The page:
New research suggests geohacking would be a catastrophically bad idea

In order to get our warming climate under control, some forward thinkers say we should deploy any number of geoengineering schemes. But as the latest computer models show, these efforts would not only be futile — they'd probably result in a complete disaster.

Geoengineering techniques include such things as reflecting sunlight from space, ocean fertilization, making clouds more reflective, pumping deep cold nutrient-rich waters to the surface of oceans, and irrigating vast areas of the north African and Australian deserts to grow millions of trees. But after modeling five different schemes, researchers from the Helmholtz Centre for Ocean Research Kiel, Germany, concluded that, even when applied on a massive scale, the most that could be expected is a temperature drop of 8%.

But that's not the half of it; the potential side effects would be potentially disastrous. The Guardian reports on the findings:

Ocean upwelling, or the bringing up of deep cold waters, would cool surface water temperatures and reduce sea ice melting, but would unbalance the global heat budget, while adding iron filings or lime would affect the oxygen levels in the oceans. Reflecting the sun's rays into space would alter rainfall patterns and reforesting the deserts could change wind patterns and could even reduce tree growth in other regions.

In addition, say the scientists, two of the five methods considered could not be safely stopped. "We find that, if solar radiation management or ocean upwelling is discontinued then rapid warming occurs. If the other methods are discontinued, less dramatic changes occur. Essentially all of the CO2 that was taken up remains in the ocean."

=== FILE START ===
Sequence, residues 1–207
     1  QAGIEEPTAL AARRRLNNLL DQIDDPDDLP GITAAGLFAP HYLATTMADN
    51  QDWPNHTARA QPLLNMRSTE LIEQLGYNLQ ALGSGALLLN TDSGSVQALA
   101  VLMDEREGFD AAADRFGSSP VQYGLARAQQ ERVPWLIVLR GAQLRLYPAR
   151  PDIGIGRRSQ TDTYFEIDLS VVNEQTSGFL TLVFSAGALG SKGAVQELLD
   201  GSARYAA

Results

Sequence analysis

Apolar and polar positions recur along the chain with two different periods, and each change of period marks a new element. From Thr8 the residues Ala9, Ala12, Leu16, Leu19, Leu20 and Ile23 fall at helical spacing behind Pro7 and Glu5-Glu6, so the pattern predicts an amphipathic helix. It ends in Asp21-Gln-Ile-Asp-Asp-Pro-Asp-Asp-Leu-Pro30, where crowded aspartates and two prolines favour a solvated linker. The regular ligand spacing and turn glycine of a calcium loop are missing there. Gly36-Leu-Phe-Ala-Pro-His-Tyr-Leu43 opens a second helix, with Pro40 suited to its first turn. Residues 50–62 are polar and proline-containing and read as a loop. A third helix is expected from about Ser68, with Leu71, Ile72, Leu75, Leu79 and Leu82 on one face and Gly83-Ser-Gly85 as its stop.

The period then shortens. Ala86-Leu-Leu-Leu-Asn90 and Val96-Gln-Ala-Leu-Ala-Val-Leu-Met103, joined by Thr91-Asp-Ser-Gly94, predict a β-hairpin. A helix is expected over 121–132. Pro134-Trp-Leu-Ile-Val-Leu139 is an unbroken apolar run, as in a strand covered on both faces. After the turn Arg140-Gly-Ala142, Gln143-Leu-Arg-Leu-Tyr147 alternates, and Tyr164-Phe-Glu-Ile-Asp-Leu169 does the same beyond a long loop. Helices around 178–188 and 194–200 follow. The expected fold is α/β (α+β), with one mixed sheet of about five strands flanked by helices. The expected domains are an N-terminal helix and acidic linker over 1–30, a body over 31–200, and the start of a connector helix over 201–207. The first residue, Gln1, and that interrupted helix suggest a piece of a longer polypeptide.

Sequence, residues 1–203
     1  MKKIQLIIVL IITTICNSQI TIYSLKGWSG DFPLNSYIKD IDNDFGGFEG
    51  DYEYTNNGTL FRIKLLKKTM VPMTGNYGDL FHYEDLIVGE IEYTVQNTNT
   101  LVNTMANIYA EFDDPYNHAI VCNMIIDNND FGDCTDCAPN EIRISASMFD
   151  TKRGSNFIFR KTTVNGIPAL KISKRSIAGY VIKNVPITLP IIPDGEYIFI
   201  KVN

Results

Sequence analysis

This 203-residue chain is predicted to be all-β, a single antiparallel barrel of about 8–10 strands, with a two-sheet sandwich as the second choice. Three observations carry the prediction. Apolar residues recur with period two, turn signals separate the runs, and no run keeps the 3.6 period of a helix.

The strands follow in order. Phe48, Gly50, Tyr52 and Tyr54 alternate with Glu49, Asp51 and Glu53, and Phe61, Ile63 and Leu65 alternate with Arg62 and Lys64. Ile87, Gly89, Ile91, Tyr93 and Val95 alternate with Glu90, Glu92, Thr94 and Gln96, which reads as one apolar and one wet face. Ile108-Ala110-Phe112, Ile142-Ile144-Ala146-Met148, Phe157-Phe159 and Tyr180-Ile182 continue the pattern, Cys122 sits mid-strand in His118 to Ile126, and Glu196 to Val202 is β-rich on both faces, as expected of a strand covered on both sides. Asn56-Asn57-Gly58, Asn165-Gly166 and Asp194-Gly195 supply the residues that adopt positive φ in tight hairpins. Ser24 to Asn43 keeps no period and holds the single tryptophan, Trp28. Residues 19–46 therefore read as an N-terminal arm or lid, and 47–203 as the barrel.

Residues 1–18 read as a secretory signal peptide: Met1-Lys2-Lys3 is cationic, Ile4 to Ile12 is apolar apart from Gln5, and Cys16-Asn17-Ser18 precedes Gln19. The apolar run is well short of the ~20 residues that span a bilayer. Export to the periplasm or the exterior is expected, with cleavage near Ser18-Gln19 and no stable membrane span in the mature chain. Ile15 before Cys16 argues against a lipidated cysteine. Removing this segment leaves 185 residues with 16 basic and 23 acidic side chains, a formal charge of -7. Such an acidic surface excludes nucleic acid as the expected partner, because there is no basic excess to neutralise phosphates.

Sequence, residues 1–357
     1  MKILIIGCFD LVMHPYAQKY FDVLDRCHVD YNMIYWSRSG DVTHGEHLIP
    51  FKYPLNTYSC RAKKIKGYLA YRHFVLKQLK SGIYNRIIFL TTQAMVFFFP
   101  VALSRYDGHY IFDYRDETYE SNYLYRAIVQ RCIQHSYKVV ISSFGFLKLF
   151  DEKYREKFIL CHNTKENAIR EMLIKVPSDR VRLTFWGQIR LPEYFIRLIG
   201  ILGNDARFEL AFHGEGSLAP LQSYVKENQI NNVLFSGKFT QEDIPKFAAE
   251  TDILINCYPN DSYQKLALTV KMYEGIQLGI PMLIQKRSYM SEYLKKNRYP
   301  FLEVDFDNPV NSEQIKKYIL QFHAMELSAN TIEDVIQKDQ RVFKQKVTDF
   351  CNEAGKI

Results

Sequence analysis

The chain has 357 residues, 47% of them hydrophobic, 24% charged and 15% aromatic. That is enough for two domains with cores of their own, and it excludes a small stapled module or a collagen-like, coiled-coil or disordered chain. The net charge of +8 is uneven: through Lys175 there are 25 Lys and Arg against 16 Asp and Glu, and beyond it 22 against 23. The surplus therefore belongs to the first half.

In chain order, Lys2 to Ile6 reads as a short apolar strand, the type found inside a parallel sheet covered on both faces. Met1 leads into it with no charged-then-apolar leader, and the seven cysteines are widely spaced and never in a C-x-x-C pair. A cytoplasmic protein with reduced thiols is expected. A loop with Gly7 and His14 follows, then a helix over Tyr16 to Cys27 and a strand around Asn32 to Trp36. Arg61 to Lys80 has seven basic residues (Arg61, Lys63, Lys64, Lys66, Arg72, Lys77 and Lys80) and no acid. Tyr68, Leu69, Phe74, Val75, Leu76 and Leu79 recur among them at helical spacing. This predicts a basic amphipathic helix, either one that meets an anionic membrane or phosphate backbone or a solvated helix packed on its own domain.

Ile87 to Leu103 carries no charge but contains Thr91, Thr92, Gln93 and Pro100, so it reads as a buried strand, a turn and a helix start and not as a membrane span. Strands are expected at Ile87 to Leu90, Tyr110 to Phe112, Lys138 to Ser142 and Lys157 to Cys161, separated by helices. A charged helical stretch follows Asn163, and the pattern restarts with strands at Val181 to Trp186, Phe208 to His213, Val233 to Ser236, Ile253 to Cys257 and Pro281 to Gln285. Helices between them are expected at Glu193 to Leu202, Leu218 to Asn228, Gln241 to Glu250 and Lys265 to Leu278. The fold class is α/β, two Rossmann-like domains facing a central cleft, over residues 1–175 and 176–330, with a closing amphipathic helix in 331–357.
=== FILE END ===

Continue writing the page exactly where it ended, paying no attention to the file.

Even the foresting of deserts on a massive scale could prove disastrous if the irrigation needed to grow the trees were stopped, they say. "The desert regions would eventually return to desert and the carbon that was stored in the plant biomass and soil would slowly be returned to the atmosphere through decay and respiration," says the paper.

Each of the five climate engineering methods considered has advantages and disadvantages but individually they are all limited, say the authors. "If CO2 emissions remain high, the climate engineering methods … should not be solely counted on to prevent warming. Our results suggest that CO2 mitigation seems the most effective way to prevent climate change. Climate engineering does not appear to be an alternative option, although it could be possibly used to complement mitigation," say the authors, who do not look at the ethical, economic, legal, political or technological feasibility of the five methods.

Damn, that's not good news. And neither is the suggestion that once we start geoengineering we won't be able to stop. What makes this all the more depressing is that we appear to lack the political and social will to do anything about climate change.

Read the study at Nature Communications: "Potential climate engineering effectiveness and side effects during a high carbon dioxide-emission scenario."

Image: NASA.